Engg not just about IT and IT. Can we stop this mad rush?
Engineering education in the country faces huge challenges, with colleges barely able to fill even a third of the available places in fields other than computer science and computing. Students do not want to join any of the traditional disciplines such as civil engineering, mechanics, materials science, metallurgy, electricity, etc.
This leaves many questions unanswered. If everyone is studying IT/CSE and every business and product they create is related to e-commerce and IT, what about other disciplines? It is easy to switch from mechanical, civil, electronic, etc. to computers, but the reverse will not be easy.
And what about India’s unresolved issues at the local level. Someone needs to develop technologies in the fields of health, agriculture, energy, defence, space, civil infrastructure, transport, waste treatment, semi- drivers, manufacturing, drones and many more. Engineering is not about civil, mechanical, CSE, etc. Engineering is about providing optimal and sustainable solutions to the needs of society. Most of the problems we face in society do not come with a disciplinary label. They often need multidisciplinary teams to develop a solution. If all disciplines merge in CSE and IT, our potential for innovation to address societal challenges could be severely affected.
How to remedy this situation and renew students’ interest in these traditional disciplines? In my view, this requires a multi-pronged approach at the national level, as shown below.
First, we need to change the perception of traditional disciplines. For example, mechanics is no longer about dealing with large machines that require physical strength to operate, and civil engineering is not just about building bridges and dams either. Industry 4.0 has completely transformed mechanical engineering with many departments doing advanced work on micro-electro-mechanical systems, microfluidics and other similar technologies. Many civil engineers now study environmental issues and work on a host of pollution-related issues. Metallurgy has evolved into materials science. Electronics is no longer about communication, there is VLSI and nanoelectronics. Electricity is not about electric machines, it’s about smart grids and renewable energy. There is a need for AICTE and the University Grants Commission (UGC) to create awareness workshops and provide guidance to students at the school level. Institutions should also offer minor degree programs in areas of high employment demand so that each student can acquire the knowledge required from an employment perspective.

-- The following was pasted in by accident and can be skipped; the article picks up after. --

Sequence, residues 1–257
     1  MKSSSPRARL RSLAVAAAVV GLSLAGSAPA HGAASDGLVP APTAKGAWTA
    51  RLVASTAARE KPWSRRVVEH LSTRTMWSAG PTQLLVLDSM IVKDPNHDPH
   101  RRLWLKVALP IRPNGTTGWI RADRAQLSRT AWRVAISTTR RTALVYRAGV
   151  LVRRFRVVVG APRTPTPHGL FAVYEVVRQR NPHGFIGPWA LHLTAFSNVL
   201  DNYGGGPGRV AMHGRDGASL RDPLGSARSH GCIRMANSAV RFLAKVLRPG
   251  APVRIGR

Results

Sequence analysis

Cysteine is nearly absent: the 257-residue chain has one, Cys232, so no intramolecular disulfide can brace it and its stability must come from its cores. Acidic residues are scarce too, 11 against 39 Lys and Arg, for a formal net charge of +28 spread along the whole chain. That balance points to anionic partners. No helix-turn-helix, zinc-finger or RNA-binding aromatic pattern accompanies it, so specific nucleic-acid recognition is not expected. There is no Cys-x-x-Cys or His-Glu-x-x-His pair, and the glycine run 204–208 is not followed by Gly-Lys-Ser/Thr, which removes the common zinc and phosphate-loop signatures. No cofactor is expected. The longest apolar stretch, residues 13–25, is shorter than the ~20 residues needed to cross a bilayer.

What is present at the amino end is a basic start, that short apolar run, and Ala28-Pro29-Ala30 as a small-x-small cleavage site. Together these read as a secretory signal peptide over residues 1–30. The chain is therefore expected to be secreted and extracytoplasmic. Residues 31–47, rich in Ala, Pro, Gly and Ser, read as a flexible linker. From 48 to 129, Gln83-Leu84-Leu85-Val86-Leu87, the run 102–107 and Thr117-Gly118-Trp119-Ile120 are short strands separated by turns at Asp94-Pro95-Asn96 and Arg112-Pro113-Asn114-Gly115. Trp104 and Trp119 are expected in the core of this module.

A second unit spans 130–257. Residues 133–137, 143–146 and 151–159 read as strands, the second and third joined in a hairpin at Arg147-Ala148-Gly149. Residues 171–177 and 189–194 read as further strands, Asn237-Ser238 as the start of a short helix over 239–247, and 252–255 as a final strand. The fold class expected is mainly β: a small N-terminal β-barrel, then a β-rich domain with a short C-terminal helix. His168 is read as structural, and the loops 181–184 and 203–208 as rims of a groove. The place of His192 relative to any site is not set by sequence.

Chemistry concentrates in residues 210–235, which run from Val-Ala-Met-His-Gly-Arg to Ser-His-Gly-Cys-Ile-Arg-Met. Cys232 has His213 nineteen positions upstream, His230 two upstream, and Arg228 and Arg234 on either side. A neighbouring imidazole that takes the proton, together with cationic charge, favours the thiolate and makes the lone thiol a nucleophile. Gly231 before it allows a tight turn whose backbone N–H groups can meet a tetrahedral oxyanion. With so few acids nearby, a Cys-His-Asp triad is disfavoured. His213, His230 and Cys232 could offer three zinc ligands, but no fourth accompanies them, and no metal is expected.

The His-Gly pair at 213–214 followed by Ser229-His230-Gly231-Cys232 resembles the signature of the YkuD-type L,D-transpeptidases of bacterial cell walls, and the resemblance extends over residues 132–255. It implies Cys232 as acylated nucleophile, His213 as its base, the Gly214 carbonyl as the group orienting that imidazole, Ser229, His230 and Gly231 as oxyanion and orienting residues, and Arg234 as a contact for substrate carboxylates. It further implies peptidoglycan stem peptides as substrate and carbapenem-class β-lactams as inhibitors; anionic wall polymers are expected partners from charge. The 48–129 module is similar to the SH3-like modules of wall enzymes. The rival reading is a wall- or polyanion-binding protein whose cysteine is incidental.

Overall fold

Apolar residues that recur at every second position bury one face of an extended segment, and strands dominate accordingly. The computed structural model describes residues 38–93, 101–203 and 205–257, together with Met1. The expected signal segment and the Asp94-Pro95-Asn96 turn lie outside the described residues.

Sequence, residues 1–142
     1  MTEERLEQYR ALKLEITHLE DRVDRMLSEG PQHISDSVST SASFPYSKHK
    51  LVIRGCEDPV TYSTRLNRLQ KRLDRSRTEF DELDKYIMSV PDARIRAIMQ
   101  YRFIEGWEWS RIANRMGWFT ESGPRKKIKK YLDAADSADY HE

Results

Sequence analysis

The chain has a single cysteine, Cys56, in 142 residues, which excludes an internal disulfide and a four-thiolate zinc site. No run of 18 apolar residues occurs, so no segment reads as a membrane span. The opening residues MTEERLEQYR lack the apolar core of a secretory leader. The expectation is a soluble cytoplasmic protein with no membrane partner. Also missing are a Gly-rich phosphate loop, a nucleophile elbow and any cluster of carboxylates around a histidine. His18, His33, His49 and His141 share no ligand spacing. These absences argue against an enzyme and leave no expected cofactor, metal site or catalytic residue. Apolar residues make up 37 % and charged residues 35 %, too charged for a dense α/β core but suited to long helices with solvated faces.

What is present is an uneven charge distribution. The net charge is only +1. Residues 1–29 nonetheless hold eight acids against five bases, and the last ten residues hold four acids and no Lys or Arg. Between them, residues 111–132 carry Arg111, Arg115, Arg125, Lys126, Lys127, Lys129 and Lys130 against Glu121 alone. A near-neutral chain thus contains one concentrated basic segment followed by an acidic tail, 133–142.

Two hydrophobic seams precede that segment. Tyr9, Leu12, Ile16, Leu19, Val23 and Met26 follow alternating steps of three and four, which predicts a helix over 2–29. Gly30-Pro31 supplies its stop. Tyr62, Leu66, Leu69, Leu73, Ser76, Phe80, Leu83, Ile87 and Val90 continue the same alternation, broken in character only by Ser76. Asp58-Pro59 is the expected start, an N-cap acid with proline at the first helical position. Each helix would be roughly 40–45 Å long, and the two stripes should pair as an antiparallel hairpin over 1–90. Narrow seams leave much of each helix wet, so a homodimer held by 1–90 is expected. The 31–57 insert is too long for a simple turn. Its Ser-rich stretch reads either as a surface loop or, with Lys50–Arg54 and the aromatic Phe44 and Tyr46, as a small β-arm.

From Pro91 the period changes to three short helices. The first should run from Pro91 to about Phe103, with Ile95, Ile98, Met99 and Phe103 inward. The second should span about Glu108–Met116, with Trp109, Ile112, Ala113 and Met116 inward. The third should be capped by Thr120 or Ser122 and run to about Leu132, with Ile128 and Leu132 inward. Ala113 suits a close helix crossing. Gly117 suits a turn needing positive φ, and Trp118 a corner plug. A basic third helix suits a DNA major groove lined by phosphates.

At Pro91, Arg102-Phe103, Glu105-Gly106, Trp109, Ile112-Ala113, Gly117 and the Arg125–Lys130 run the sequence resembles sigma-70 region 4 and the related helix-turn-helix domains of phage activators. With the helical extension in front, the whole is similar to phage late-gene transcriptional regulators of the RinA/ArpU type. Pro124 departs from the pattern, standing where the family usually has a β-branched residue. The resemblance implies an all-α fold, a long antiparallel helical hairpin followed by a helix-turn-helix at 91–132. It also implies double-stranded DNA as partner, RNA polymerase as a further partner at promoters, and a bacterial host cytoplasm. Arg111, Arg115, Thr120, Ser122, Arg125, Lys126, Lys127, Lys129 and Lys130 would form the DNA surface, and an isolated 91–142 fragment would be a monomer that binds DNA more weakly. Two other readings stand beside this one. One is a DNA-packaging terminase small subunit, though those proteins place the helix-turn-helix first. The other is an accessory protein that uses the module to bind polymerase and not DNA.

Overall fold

Second, we need to launch technology missions at the national level that not only fund research, but also serve as vehicles for innovation and wealth creation. For example, after the computer revolution that swept the country starting in the late 90s, several other technologies arrived that had a big impact on the search front. Some countries have also benefited. These include biotechnology, nanotechnology, cognitive technology (AI/ML, etc.) and quantum technologies. Drones and other applications have become possible due to advancements in batteries etc. through research on nanotechnology and other materials. Each decade has seen a new technology capture the attention of scientists and policy makers. Launching a mission-mode initiative in these advanced technologies requires planning on three fronts: education, research and innovation. This is when jobs are created and educational programs become attractive to students. Here are the main steps.
lEach mission must begin with the establishment of research facilities and the construction of a research base in the country. All of these missions should involve experts from industry and allied departments from the start.
lResearch initiatives must be supported by major funding programs for innovation and start-ups. There must be programs to encourage industry participation. The knowledge generated by basic research must be constantly channeled into application-oriented areas.
l Educational programs should be planned from the beginning to determine how many graduates the country needs in these technological fields at the degree, graduate and doctoral level and in what time frame. Model curricula and study materials should be designed with the help of top educators in academia and industry professionals. Teacher training and special workforce development initiatives need to be undertaken. Such an alignment of research, innovation and education activities is important for these technological missions to ultimately generate jobs and value for society.
As a nation, the country is missing out on great opportunities that these new technologies offer despite the vast pool of knowledge and talent available locally. Without proper planning and execution, it will be an ongoing saga of India missing many such buses. We can do better. Careful planning holds the key.
The opinions expressed above are those of the author.
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